How to Help Your Child Adjust to a New School After a PCS

Kathryn Sneed

How to Help Your Child Adjust to a New School After a PCS

My family recently finished with our first PCS. After six years, we were more then ready for our trip across the country and now we love our new home. However, one of my biggest concerns about our PCS was that it was in the middle of the school year.

My son was attending a special needs preschool at our last duty station, but when we moved we ended up arriving at the end of the school year at our new duty station. I decided to keep my son home instead of sending him to a new school for only a few weeks, and instead I started preparing him for his Kindergarten year starting at the end of August.

Since my son has autism we wanted to start helping him adjust to the thought of a new school ahead of time. Here are several tips any family can use to help a child adjust to your new school after a PCS!

4 Ways to Help Your Child Adjust to a New School

1. Visit the School by Yourself First
Before school was out for the summer, I went by myself to visit my son's new school. It was perfect because I had time to wait and I was able to fill out paperwork without my son getting restless. I was able to meet a lot of the teachers and staff, take a tour of the classrooms, and find out more about the school. Since my son was not there I was able to ask all of my questions, and explain a little bit about my son's needs. This plan was such a lifesaver! I knew what to expect ahead of time and I was able to go back and tell my son about his school and get him excited about going.

2. Take Your Child to Visit the School
A few weeks after I visited the school, they asked me if my son wanted to come take a tour and meet some the teachers. I loved the idea and thought this would be a great opportunity to help him get ready for his new school. We went by one afternoon and one of the directors of the special needs program there walked us around and gave us the full tour. My son loved it. He had been nervous about going, and I could tell he missed his old school because he talked about it a lot, but the tour was a great idea.

We saw the classrooms, the art and music room, the gym, the cafeteria, the library and we met a lot of teachers and some other kids his age too! He got to see who would be doing the art, music, and gym classes and met one of the counselors there as well.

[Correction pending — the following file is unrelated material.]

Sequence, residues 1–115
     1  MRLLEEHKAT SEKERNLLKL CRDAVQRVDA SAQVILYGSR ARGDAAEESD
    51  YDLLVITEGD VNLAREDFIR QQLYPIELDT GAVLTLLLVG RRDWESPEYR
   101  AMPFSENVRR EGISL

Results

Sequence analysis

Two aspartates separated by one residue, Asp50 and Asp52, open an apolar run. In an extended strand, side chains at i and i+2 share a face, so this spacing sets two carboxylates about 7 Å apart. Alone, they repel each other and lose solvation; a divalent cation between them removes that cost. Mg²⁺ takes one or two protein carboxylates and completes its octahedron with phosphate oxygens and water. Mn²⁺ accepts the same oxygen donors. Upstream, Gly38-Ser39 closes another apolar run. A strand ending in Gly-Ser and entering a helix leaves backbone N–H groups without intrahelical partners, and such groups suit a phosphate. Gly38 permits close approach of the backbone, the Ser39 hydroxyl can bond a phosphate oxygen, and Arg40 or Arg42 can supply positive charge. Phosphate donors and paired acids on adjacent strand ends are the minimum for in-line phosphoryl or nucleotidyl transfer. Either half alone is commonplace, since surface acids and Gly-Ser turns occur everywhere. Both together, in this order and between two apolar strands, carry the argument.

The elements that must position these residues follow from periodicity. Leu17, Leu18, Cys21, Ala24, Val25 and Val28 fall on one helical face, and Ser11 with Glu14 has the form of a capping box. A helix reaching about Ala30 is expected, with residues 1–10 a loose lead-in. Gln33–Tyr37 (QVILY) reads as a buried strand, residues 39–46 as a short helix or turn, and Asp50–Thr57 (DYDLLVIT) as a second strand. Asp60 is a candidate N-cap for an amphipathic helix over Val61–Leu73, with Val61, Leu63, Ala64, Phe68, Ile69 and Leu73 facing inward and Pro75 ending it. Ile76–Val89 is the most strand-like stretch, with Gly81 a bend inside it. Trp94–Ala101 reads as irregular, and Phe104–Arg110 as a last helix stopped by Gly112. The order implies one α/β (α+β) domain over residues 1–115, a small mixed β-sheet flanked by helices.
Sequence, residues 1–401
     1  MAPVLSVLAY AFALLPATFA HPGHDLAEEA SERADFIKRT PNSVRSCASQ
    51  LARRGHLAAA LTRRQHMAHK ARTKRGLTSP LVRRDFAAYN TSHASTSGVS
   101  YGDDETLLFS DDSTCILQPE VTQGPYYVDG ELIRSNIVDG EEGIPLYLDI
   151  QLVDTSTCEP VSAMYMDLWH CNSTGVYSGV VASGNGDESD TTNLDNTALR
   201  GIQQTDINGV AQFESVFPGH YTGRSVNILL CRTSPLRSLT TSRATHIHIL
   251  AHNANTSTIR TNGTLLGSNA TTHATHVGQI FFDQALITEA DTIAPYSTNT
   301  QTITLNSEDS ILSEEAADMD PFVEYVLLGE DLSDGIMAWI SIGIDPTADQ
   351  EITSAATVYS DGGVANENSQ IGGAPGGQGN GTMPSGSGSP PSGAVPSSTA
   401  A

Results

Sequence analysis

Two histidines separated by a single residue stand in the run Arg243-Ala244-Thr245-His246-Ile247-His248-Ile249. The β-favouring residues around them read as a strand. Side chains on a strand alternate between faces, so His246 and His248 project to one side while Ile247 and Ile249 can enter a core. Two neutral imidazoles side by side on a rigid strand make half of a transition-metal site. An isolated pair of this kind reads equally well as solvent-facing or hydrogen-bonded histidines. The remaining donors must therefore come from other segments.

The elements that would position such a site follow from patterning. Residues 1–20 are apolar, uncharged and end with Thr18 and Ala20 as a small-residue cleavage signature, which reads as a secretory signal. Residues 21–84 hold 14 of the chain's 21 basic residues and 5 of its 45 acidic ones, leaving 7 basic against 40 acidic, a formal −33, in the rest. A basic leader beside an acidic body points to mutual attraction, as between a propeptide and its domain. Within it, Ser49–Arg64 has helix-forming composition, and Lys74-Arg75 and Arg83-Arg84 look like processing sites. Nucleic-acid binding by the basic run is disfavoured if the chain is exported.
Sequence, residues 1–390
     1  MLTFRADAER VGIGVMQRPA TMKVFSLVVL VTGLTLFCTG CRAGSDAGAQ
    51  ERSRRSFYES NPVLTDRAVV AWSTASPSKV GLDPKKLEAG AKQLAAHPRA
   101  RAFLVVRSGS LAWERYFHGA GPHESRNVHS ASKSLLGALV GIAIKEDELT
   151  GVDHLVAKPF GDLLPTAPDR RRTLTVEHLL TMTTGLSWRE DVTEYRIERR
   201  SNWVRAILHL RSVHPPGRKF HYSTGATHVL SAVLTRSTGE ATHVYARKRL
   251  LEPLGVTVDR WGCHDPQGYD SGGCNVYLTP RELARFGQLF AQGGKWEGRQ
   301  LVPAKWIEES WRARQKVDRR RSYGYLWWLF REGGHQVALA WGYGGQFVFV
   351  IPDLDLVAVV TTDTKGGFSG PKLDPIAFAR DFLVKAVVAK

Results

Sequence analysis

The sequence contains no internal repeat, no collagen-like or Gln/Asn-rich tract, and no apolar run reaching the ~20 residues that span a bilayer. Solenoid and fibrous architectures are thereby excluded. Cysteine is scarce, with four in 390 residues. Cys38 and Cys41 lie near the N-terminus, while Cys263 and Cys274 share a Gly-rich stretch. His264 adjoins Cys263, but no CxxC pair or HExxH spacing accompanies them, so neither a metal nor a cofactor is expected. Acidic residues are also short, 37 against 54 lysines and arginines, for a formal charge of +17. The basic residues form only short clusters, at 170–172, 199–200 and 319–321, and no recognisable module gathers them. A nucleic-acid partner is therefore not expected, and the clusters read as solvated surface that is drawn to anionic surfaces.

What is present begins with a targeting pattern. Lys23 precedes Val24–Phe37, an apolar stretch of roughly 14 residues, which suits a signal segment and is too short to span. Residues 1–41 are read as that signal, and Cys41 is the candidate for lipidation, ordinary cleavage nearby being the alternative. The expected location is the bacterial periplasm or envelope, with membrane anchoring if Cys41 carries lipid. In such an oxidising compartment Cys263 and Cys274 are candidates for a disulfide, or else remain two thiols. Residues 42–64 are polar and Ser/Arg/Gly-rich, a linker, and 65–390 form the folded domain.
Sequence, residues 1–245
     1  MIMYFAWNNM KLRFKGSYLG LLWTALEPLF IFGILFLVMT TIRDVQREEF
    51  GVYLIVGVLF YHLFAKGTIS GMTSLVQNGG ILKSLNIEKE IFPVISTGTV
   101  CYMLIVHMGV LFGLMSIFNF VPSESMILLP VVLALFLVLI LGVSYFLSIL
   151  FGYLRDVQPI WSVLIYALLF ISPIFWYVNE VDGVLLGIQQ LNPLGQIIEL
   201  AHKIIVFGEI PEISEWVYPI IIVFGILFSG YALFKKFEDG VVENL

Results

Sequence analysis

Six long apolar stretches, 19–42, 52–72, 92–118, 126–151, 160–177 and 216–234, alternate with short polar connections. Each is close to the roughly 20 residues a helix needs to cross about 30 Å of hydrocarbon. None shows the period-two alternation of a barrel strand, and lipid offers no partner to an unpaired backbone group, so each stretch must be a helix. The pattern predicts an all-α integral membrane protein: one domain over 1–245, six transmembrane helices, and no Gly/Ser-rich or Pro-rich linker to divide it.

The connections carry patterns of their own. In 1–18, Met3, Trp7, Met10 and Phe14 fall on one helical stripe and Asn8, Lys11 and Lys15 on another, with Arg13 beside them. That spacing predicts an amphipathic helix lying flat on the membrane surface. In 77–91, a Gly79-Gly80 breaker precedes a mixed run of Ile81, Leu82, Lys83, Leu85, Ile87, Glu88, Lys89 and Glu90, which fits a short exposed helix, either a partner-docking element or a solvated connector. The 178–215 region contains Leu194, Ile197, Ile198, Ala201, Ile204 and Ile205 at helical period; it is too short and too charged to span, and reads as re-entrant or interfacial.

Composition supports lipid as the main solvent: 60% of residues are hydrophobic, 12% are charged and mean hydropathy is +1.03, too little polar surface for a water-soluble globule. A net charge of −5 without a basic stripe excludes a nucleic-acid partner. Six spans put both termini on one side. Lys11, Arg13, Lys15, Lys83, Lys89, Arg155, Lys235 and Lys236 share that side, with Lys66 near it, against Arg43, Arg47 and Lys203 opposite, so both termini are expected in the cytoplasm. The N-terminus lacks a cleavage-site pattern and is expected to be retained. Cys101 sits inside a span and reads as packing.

3. Talk to Your Child's Teachers
Before school starts, talk with your child's teachers. Tell them a little bit about your child, and let them know of any concerns you might have. Let them know your family just PCS'd and that your child is still adjusting to a new home and new city.
One great tip I received was this: "Before you PCS, ask your child's teachers to write a letter to the teachers at your child's new school. Have them write about your child's strengths and weaknesses, and how everything was being dealt with." This is so much more personal than the typical school file and it lets your child's new teachers know ahead of time to give your child some grace while they are still adjusting.

4. Let Your Child Bring a Familiar Item With Them
For the first day of school, let your child bring a familiar item with them to school. Maybe it's the backpack they used last year or picture of your family taped to the inside of their notebook. Be creative, but finding something familiar for them to take to school is a great way to make them feel comfortable in new place.


Kathryn Sneed is a Christian military wife and mother to two special needs kids. She blogs about marriage, motherhood, and military life at www.singingthroughtherain.net and loves spending time with friends and going on date nights with her husband!

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